It is hard to reply to an article that you don't actually reference but I'll
do my best. Also, you don't define real-time so I'll consider it as being
something that would come back within 1-2 seconds (e.g. an end user on a web
site is waiting for the info).
>>Can you please tell me why Hadoop is said not to be used for Real time
processing of data?
There are two different parts to the core Hadoop project. Both of these
are focused more on batch processing by themselves as opposed to real time
1. HDFS, a distributed file system that is good at safely managing a large
quantity of very large files. Generally speaking, Hadoop is a write once
file system. You can't modify the middle of a file after it is written.
You also can't append to the end of a file without a special version of
Hadoop. Also, you can't tail a file directly as it is being written. As
such, it would be hard to use it directly to create a real-time work flow.
2. MapReduce is a distributed computing framework. It is used to process
those large files held on HDFS. Because of the design of MapReduce, jobs
usually take at least 10 seconds and typically much longer. This would also
mean you're looking at batch processing large quantities of data in some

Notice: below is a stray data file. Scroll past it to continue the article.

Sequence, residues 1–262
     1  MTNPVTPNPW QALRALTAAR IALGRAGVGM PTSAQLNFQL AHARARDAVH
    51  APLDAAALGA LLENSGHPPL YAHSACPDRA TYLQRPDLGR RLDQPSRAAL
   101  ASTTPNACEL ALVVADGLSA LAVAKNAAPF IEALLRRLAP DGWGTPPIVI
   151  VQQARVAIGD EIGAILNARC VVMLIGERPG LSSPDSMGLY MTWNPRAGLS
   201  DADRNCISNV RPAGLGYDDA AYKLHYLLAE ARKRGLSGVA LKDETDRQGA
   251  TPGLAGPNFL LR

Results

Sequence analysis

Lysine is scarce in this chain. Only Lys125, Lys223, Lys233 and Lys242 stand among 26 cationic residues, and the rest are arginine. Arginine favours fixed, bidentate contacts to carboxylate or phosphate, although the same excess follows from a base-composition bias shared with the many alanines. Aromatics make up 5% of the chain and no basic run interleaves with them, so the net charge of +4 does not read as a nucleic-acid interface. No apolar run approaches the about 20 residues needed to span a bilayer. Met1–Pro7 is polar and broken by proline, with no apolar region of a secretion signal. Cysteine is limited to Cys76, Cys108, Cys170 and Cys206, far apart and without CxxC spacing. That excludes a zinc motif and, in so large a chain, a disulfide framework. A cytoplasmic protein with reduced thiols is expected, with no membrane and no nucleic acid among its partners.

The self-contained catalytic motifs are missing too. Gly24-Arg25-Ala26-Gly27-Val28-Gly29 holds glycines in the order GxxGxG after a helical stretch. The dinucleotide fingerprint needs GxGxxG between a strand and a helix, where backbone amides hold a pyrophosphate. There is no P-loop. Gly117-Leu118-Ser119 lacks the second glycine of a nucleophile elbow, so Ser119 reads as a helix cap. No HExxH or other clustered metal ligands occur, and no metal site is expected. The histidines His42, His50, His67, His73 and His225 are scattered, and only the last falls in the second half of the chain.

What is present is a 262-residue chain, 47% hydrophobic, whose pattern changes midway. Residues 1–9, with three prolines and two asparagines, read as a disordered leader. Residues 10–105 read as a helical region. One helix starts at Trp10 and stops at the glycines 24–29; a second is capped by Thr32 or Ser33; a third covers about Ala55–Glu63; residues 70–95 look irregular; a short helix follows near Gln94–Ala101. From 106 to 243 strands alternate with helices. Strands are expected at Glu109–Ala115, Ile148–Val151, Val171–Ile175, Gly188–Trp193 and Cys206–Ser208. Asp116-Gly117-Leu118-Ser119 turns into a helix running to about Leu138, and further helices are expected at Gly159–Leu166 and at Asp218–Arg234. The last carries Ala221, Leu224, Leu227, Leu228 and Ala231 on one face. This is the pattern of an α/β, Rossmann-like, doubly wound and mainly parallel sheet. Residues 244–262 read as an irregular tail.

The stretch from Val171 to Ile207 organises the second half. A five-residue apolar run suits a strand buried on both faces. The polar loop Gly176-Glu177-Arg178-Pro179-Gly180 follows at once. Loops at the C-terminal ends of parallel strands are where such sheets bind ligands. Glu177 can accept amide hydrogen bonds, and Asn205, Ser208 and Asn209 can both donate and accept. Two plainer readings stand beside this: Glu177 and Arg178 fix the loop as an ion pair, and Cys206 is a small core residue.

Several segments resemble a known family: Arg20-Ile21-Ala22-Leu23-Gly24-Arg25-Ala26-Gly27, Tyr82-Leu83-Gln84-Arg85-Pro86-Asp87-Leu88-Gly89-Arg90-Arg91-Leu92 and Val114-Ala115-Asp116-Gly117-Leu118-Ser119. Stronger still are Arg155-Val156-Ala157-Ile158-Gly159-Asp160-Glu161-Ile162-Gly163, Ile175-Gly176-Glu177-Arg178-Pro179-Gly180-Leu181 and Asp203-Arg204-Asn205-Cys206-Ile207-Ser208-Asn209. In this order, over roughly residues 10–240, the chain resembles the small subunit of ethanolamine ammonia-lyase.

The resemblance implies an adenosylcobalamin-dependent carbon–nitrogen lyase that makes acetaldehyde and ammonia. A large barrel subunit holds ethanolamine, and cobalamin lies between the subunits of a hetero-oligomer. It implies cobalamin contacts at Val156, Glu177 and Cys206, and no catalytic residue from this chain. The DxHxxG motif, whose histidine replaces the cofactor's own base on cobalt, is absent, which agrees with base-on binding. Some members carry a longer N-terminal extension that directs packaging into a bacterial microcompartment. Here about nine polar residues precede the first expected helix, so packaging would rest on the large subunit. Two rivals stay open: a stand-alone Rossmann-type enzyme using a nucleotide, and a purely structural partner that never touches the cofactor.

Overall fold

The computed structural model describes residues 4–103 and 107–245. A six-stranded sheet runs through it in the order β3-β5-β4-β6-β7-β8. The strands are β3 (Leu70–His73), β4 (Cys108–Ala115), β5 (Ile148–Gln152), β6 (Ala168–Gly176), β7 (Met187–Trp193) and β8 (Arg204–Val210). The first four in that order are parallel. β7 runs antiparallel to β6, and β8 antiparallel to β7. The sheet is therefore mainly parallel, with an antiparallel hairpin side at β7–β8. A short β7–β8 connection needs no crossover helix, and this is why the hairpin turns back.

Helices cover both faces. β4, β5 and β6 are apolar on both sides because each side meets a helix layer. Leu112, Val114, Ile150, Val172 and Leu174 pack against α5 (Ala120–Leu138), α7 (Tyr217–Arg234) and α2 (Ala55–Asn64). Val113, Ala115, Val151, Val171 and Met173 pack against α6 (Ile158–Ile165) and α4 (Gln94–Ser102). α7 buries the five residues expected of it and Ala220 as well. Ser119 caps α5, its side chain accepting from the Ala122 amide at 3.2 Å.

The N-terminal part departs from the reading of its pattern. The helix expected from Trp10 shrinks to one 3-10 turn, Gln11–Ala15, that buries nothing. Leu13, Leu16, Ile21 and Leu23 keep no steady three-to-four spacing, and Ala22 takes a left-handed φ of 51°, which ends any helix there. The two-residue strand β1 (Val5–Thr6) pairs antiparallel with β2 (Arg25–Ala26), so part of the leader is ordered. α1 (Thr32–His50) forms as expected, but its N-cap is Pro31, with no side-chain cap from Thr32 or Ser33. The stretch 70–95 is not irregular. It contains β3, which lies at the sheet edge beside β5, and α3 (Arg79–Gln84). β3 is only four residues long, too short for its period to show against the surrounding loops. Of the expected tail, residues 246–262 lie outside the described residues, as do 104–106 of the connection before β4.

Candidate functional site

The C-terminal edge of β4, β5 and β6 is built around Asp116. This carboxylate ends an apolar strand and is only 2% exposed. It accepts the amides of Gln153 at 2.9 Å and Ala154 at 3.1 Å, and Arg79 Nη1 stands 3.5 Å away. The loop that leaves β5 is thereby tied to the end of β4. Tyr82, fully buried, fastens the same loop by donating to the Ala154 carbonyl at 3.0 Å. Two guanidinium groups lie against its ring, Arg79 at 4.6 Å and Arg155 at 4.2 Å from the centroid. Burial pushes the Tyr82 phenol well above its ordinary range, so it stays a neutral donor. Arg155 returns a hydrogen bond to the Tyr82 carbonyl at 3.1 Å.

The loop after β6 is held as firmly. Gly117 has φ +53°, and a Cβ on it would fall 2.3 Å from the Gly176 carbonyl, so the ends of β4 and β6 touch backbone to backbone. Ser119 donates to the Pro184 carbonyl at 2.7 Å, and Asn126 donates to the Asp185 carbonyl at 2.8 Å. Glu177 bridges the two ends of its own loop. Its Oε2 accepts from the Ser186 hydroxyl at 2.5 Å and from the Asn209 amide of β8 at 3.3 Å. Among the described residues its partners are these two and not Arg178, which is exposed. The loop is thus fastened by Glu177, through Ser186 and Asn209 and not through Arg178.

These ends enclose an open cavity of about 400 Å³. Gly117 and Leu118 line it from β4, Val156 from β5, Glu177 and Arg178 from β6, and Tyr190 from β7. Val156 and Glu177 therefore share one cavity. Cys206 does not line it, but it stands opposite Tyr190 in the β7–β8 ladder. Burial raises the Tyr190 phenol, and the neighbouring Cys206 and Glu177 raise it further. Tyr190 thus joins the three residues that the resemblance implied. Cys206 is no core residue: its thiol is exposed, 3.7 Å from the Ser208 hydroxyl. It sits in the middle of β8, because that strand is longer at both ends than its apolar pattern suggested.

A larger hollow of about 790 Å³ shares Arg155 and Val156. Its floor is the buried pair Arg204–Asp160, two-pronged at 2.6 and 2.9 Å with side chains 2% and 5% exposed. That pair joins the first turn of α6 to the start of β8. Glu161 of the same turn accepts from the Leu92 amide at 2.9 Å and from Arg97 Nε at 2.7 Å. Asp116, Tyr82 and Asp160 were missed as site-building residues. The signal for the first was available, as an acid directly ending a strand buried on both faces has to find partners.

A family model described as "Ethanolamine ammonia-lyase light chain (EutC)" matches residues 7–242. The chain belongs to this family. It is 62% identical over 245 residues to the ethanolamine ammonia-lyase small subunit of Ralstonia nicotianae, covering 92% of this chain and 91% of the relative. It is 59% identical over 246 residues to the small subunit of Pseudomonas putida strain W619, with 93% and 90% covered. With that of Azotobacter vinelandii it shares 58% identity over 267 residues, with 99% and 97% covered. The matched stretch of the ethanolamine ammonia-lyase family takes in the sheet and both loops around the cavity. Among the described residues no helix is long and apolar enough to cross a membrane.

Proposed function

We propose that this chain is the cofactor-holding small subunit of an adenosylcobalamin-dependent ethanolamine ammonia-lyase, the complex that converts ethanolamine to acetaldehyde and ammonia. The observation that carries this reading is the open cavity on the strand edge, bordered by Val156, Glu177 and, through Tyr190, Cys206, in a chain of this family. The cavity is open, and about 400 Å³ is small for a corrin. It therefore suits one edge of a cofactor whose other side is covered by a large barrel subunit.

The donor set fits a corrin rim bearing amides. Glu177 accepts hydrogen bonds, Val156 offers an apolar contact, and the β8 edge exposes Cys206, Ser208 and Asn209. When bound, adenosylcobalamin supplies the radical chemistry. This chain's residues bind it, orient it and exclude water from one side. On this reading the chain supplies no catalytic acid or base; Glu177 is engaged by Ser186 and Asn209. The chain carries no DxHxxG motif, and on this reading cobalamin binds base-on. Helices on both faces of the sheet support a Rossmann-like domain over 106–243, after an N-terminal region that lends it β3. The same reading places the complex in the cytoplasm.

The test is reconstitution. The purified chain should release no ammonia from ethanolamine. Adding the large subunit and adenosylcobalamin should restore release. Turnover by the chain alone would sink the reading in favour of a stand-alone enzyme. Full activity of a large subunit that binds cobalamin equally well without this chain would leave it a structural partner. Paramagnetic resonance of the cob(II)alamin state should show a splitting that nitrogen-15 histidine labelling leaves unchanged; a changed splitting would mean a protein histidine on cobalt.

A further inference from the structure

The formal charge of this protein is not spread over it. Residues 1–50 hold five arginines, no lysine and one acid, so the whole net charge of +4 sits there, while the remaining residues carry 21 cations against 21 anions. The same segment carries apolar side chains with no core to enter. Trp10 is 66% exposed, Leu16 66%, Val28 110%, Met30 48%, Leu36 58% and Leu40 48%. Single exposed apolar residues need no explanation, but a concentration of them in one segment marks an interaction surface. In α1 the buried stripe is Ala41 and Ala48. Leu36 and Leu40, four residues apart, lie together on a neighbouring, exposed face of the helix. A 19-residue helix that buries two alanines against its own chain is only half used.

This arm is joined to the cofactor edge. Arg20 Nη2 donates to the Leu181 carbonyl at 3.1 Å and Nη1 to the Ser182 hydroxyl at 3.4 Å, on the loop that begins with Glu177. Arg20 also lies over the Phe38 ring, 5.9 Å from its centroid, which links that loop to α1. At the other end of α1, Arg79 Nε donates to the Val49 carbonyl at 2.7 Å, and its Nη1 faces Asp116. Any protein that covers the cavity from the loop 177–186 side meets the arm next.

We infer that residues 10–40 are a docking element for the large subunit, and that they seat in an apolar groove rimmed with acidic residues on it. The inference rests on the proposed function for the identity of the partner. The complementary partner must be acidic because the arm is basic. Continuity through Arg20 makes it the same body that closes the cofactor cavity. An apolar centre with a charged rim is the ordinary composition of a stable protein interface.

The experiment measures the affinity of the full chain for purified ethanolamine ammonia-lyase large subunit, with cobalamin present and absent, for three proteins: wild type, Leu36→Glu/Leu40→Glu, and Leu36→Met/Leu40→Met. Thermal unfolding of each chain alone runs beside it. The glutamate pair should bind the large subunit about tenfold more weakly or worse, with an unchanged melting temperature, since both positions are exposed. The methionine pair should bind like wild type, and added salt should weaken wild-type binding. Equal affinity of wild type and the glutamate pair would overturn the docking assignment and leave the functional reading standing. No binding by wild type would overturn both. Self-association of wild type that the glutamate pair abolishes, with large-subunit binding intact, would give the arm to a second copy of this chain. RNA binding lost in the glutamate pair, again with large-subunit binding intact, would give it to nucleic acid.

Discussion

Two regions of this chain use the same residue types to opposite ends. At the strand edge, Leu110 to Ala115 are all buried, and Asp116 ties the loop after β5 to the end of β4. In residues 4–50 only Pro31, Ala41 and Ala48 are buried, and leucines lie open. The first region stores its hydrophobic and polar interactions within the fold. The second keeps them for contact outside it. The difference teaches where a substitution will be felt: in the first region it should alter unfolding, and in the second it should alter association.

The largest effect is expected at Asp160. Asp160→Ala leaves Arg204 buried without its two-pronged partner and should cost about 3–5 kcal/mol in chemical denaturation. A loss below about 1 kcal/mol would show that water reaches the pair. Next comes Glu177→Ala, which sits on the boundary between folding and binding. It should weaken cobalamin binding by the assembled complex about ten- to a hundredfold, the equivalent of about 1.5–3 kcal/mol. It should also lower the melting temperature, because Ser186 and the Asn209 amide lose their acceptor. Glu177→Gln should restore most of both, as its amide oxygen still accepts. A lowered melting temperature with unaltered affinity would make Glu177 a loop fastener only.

HBase, is a separate, sub-project from the Hadoop project proper. It is
built specifically to handle real time loads. You can insert a row and get
it back immediately.
>I was thinking we can replace the DB with Hadoop...I do not see any
HBase can replace many of the functions of existing databases but should be
used primarily when you need the massive scale it can provide. You have to
give up things like transactions and SQL to HBase when compared to
traditional RDBMS's (Mysql, PostreSQL, etc). The schema design is very
different and generally your application must be built with this in mind.
You should probably spend some time with the HBase book (
http://hbase.apache.org/book.html) and looking at your current applications
to determine what kinds of things you would need to do. Many people
actually use HBase in parallel with a traditional RDBMS, leveraging the
strengths of each.